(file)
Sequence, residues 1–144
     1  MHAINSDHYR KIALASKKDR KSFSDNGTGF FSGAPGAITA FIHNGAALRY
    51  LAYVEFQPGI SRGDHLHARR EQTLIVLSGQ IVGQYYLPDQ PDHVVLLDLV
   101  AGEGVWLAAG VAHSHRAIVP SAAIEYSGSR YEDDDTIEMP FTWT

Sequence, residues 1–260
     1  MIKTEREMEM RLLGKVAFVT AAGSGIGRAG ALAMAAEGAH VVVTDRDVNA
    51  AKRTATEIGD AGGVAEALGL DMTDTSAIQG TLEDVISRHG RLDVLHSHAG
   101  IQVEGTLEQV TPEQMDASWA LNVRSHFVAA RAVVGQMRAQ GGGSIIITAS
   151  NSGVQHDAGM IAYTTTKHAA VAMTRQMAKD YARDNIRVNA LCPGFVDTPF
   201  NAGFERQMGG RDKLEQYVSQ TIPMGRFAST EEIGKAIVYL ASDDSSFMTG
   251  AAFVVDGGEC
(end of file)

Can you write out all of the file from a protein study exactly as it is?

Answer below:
Sequence, residues 1–144
     1  MHAINSDHYR KIALASKKDR KSFSDNGTGF FSGAPGAITA FIHNGAALRY
    51  LAYVEFQPGI SRGDHLHARR EQTLIVLSGQ IVGQYYLPDQ PDHVVLLDLV
   101  AGEGVWLAAG VAHSHRAIVP SAAIEYSGSR YEDDDTIEMP FTWT

Sequence, residues 1–260
     1  MIKTEREMEM RLLGKVAFVT AAGSGIGRAG ALAMAAEGAH VVVTDRDVNA
    51  AKRTATEIGD AGGVAEALGL DMTDTSAIQG TLEDVISRHG RLDVLHSHAG
   101  IQVEGTLEQV TPEQMDASWA LNVRSHFVAA RAVVGQMRAQ GGGSIIITAS
   151  NSGVQHDAGM IAYTTTKHAA VAMTRQMAKD YARDNIRVNA LCPGFVDTPF
   201  NAGFERQMGG RDKLEQYVSQ TIPMGRFAST EEIGKAIVYL ASDDSSFMTG
   251  AAFVVDGGEC